Use Your Words Wisely. For most of my life I had a love affair with words and Dad coached me on my spelling bees in grade school and junior high. As a teenager, he moved from helping me with spelling to developing my points of view. My Dad would give me scenarios and ask me to state my opinion. He’d ask me questions and listen closely to my answers. He’d drill me with questions to discern my rationale for my responses. If I gave too flip of a response or one I had not thought out thoroughly, he’d challenge me. In so doing he was listening for my critical thinking skills long before I even realized what critical thinking was. He and I would debate any topic: from religion, to the perils of cigarette smoking to cross-race adoptions. He’d have these culturally relevant discussions with his teenaged daughter admonishing me to analyze the world through a different lens. I didn’t totally appreciate it at the time but Dad was cultivating in me the ability to develop a point of view that was not necessarily based on the received view. What I now take away from these lessons is that the best leaders think critically and hold in tension diverse viewpoints without necessarily losing their own.
You Choose. Because neither of my parents had the opportunity to go to college, I know they both put a lot of stock in education for me and my brother and sister. Like most African-American families of my era, education was going to be the means for the children of working-class parents to have a better life than they had. I’ll never forget the day my Dad had the talk with me. We were in the kitchen casually talking about life when he asked me what I wanted to major in when I went to college. I actually don’t think we landed on a major in that conversation, but he said something that never left me: “Jeanne, you can go to college and become whatever you want to become. You can go and become a doctor and not worry about having to marry a doctor.” His was a progressive message from a father to his daughter during an era when many women still were encouraged to go away to college to get their MRS degrees. It’s a leadership lesson for me in that my Dad modeled for me that leadership is not constrained by gender. I never saw leadership roles as limited to men-regardless of the contexts where I served or work. From church, to community groups to corporations, I chose to follow my calling of leadership as vocation! The best leaders choose to lead and understand gender is not a barrier into leadership or in working with other leaders.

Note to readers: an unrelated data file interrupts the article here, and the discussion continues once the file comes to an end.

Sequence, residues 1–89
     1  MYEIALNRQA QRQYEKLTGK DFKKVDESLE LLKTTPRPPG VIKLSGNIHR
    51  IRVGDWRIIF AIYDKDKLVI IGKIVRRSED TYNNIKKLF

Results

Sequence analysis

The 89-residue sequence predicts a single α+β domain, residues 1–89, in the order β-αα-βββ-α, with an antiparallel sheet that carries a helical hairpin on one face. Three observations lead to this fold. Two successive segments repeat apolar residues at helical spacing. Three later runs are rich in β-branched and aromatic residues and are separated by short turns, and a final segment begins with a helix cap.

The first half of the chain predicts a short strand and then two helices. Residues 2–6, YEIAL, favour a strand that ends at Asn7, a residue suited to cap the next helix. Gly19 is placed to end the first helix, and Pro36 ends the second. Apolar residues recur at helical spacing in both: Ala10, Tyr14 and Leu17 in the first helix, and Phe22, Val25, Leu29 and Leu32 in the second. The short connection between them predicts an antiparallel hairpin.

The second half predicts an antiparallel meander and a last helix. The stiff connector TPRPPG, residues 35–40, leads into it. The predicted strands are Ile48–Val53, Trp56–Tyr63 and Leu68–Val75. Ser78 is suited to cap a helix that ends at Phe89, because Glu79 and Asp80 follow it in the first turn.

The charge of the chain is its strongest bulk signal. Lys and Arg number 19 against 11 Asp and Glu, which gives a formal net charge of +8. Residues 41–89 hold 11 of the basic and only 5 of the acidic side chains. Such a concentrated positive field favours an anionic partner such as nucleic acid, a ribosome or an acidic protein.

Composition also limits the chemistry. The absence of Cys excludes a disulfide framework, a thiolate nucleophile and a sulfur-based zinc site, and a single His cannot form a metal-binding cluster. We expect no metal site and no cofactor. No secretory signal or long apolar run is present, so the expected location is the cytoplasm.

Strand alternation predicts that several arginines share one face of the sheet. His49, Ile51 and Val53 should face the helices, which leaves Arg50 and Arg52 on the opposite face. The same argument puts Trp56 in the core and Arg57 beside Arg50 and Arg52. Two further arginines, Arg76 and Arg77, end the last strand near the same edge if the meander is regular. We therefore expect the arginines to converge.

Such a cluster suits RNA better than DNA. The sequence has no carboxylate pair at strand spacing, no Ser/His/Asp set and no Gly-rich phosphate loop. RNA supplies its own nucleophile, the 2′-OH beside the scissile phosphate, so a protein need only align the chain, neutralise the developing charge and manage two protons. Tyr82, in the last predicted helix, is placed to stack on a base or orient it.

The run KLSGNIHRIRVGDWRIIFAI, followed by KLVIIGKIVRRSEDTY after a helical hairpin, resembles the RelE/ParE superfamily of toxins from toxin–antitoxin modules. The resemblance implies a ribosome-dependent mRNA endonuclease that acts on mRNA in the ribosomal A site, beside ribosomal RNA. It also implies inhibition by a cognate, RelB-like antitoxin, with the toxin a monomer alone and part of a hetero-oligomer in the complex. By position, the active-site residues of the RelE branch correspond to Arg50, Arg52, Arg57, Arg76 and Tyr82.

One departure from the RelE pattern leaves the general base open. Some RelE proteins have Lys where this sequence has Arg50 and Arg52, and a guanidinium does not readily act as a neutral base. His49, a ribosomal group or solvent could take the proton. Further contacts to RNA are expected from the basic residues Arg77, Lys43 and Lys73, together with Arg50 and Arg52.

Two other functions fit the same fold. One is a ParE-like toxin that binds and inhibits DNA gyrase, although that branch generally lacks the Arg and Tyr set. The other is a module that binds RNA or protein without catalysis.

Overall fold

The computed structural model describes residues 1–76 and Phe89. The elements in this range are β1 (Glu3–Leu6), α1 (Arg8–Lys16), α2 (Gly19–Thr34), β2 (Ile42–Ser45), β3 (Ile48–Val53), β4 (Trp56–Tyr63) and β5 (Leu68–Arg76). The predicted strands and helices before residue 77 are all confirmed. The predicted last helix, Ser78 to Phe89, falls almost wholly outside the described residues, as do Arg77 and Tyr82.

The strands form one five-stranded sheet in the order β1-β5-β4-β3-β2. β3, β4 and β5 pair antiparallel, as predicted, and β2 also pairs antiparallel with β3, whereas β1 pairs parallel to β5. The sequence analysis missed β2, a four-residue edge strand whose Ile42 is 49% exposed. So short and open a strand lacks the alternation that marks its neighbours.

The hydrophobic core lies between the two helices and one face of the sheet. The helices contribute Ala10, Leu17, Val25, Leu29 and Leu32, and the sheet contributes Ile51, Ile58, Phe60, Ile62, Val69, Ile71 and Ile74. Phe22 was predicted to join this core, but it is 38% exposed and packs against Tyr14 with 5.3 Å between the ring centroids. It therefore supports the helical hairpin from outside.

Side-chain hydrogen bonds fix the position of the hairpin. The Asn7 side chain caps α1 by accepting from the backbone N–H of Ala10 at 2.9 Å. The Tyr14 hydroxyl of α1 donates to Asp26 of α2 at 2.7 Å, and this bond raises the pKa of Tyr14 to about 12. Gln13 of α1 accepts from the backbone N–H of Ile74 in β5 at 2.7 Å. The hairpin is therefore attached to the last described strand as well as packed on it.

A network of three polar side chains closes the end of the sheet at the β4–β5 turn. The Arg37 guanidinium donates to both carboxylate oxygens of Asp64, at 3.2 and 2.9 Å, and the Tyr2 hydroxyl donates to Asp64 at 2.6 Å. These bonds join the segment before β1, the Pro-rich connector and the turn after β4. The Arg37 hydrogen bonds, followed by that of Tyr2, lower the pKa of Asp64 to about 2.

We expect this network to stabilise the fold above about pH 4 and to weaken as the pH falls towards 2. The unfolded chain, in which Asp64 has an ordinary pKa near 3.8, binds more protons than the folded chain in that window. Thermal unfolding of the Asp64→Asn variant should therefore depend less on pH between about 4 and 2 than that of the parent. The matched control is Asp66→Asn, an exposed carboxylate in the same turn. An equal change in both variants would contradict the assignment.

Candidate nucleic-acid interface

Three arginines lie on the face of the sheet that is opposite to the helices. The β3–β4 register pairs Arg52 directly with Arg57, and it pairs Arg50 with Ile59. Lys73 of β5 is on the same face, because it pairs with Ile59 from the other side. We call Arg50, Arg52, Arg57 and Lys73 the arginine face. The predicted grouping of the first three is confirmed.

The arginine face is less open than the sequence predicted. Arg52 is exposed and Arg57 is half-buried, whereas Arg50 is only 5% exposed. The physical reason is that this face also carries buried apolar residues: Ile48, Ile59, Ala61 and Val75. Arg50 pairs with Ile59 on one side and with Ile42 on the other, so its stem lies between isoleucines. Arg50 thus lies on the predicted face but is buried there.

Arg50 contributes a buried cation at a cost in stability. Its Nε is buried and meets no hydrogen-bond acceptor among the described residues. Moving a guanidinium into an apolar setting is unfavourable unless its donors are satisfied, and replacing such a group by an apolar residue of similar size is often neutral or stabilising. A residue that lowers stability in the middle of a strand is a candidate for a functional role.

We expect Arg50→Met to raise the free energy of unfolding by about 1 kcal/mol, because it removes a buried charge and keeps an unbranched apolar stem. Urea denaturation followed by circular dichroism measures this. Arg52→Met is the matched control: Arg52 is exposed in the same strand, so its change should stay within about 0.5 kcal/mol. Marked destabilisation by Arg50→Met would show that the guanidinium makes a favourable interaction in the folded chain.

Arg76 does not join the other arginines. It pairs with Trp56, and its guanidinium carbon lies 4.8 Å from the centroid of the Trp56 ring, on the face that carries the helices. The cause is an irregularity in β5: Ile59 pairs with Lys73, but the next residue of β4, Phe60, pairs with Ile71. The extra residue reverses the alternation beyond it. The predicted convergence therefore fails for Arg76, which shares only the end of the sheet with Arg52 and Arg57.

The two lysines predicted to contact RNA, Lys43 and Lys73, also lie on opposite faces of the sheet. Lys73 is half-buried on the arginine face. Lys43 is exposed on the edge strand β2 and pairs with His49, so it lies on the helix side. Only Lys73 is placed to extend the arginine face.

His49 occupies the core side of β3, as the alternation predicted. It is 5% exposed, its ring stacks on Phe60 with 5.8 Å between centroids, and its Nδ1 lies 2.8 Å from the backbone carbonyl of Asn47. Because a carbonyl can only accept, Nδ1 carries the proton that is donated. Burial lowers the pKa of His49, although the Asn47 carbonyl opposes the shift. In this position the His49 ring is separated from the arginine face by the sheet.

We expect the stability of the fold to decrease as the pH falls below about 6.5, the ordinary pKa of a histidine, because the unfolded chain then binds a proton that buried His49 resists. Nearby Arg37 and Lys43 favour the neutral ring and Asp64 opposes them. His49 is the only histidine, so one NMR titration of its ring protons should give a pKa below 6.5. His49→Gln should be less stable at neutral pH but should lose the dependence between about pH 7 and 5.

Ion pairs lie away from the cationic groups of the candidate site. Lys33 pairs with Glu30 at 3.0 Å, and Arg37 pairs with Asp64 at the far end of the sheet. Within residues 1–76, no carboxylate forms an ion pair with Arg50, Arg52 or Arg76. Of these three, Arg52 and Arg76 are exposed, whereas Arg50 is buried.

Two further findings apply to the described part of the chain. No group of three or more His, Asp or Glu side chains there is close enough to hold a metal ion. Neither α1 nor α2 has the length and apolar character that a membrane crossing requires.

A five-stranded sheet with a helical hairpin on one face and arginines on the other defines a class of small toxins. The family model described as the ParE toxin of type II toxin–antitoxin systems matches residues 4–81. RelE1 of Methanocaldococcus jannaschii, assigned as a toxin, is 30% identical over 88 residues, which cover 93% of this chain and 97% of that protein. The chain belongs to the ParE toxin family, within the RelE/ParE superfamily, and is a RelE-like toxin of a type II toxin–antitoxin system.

So there you have it: four of the most endearing leadership lessons I received from my Dad. He passed away way too early for me, January 23, 1997 at the age of 64. What he imparted to me however has endured for these many years. I am grateful.
Today I salute my Father, and all the fathers, grandfathers, godfathers, uncles, brothers and father-figures who influence us for the good.
Please take a moment and celebrate your father or father figure today.
Happy Father’s Day!
© 2016 Dr. Jeanne